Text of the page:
The Standard Stoppages also represent a major investment in the use of chance as an expressive medium (the piece is sub-titled "Canned chance, 1914"). But there is a deeper element to the proclamation Duchamp makes with the Stoppages, which becomes manifest in the Large Glass. The Stoppages stand as the foundation of the fictional physical system that Duchamp describes in the notes of the Green Box, and diagrams in the Large Glass. He decisively breaks away from the classical, rationalist physical model and determines a new fundamental unit for his new science.
Duchamp refers to
Jarry's ideas and consciously speaks about his desire to re-invent the
physical model of the time when he describes the Stoppages as
"casting a pataphysical doubt on the concept of the straight line as
being the shortest route from one point to another" (Henderson, 62).
He states in his notes that he is interested in describing "a reality
which would be possible by slightly distending the laws of physics and
chemistry," (Henderson, xix) and the original Stoppages represent
a fundamental unit of that distension. Rather like Planck's constant
in quantum mechanics, or the speed of light in General Relativity, the
Stoppages represent a new basic metric for describing and measuring
the profoundly irrational space that is described in The Bride Stripped
Bare by Her Bachelors, Even. This relationship is evident in the
placement of a Network of Stoppages in the Large Glass, a pataphysical
device that carries the spray of the Bachelor Machine to the sieves
and parasols. He places the new metric directly into the system, using
his measuring device to transport the erotic energy of the Bachelors.
The Bride Stripped
Bare by Her Bachelors, Even is a modern day chimera, with almost
as many interpretations as it has had viewers. In some sense, though,
it can be called a pataphysical system that makes a "…critique of scientific
laws and determinist causality" (Henderson, 185). Duchamp incorporates
many different scientific ideas of his time into the workings of the
piece, and had been exploring these ideas for some time. Beginning with
the Cubists and their exploration of Bergsonian ideas of simultaneity,
Duchamp also worked with the evolving notions of fourth dimensional
space and X-ray exploration of previously hidden realities. His ideas
of the experience of time went into his Nude Descending a Staircase,
No. 2 in 1912. Although he started work in this vein under the auspices
of the Cubists (including his brothers, artists Jacques Villon and Raymond
Duchamp-Villon) the execution of the Nude proved too radical
for the Cubists, and Duchamp subsequently declared he was through with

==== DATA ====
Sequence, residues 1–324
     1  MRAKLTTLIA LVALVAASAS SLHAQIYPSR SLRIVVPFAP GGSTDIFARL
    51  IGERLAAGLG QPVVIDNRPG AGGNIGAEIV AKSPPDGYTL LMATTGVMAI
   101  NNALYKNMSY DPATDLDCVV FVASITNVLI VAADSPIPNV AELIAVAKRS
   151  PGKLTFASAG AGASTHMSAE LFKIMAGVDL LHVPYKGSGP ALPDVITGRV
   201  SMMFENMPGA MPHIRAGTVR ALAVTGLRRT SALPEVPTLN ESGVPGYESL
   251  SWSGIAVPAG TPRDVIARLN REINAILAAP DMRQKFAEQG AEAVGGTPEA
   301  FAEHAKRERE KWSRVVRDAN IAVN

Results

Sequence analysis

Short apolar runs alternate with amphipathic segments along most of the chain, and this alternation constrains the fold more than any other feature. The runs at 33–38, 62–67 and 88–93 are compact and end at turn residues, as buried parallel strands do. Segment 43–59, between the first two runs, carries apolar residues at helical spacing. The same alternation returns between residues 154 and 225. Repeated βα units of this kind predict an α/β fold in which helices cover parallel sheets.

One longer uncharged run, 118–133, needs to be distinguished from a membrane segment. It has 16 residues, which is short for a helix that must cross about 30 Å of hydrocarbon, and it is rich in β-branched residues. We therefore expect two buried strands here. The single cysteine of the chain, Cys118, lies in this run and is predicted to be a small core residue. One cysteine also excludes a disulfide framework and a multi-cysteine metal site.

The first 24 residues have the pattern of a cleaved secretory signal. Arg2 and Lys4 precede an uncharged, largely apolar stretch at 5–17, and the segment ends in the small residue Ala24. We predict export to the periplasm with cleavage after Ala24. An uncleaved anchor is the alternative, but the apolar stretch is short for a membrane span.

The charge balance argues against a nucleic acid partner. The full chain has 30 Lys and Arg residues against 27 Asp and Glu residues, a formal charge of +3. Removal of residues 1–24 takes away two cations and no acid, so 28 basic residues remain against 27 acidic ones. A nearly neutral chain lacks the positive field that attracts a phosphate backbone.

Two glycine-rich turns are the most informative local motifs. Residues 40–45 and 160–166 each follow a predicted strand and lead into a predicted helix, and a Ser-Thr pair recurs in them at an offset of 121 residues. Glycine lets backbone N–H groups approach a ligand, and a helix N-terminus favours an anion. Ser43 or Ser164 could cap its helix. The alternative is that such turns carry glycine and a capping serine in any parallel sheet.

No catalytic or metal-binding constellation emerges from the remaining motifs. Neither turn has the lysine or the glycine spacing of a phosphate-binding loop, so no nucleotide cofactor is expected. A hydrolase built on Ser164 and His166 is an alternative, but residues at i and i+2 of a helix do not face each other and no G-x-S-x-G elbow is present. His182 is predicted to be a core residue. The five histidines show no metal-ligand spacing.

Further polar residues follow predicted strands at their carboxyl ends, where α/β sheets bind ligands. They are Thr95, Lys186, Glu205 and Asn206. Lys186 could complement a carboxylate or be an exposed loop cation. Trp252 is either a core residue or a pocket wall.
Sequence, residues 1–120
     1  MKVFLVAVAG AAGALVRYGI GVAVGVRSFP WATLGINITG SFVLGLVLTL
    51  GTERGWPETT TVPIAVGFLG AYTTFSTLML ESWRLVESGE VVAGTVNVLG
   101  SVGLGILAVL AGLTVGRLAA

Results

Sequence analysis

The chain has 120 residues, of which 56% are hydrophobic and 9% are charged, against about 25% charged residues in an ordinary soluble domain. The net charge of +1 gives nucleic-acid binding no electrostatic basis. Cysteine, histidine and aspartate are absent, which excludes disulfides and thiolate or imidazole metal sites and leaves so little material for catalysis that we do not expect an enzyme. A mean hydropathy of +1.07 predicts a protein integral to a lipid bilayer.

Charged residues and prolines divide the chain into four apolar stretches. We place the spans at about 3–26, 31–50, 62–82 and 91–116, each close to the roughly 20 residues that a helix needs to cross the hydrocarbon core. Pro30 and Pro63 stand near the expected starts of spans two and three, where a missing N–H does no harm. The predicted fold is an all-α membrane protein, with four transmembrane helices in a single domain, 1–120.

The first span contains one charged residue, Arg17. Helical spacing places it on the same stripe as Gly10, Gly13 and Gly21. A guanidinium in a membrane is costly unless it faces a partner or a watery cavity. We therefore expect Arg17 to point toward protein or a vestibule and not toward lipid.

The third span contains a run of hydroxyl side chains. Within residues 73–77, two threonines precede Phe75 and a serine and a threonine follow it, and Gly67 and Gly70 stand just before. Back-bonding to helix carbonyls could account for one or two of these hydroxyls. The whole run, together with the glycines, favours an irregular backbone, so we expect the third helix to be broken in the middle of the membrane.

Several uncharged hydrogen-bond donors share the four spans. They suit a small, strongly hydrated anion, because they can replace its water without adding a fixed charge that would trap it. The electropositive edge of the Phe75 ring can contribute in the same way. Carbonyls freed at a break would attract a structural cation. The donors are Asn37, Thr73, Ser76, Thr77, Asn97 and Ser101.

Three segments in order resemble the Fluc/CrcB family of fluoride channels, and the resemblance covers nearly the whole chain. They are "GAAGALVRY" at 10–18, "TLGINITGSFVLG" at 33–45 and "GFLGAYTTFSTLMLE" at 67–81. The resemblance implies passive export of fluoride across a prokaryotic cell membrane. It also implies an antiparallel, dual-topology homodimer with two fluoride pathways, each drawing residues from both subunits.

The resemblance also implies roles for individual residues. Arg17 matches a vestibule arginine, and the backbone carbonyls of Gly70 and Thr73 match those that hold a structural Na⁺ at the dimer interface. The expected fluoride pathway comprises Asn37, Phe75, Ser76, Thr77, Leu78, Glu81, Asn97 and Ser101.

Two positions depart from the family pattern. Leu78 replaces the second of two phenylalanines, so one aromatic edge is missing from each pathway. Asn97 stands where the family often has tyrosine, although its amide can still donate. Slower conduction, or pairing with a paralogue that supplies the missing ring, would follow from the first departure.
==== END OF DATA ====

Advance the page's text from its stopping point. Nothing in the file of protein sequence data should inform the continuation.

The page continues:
art "Movements." From there, Duchamp explores even further his ideas
of 4th dimensional space in his series of studies of the Bride figure.
The forces that Duchamp explores in his work are invisible, obscured. His interest in x-rays, radio waves, and magnetism inform and give shape to his pataphysics, as they also define the trends in physical sciences discussed here. The psychoanalytic theories of Freud and Jung that were so terribly influential on European and American artists of the time emphasize the hidden aspects of the personality; the subconscious is that which cannot be known or experienced by us directly but has a substantial impact on our actions and who we believe ourselves to be. There was at the time a confluence of thought accepting the existence of hidden mysteries with the intent to explore their boundaries. Gabriel Buffet Picabia characterized the 1910s as a time of "an ebullience of invention, of exploration beyond the rational in every domain of the mind- science, psychology, imagination.… It would seem, moreover, that in every field, a principle direction of the 20th century was the attempt to capture the 'non-perceptible'"(Henderson, XX).
It is unlikely that Duchamp's work had any direct influence on the scientists working in the areas that I have described, but the current of thought that has been carried through in so many ways through so many different permutations has had a profound impact on how we view the world around us. The complexities of Marcel Duchamp's thought and the rich history behind the development of indeterminate quantum physics deserve far more attention than I have been able to give them here. It would be valuable to invest more attention into the roots of the Enlightenment ideals I have referred to, and to explore the reactions of the guardians of the Enlightenment ideals to early 20th century doubts. Further investigation of Duchamp's notion of "unloading" ideas from objects and systems that he explored in the readymades warrants further investigation, to see the effect of his unloading in scientific gestalt of the era. The chaos mathematics that has become such a powerful way to investigate patterns in seemingly random behaviors may have some very interesting parallel ideas to some of those presented here. This essay only scratches the surface of many relevant topics. But the exercise of examining the ideas from the different disciplines I've touched on (art, science, and psychology) seems a very productive one, and the similarities and differences in the conceptions of the world help enrich our understanding of ourselves and how we have come to believe the things we believe.
Henderson, Linda Dalrymple. Duchamp in Context, Princeton University Press, 1998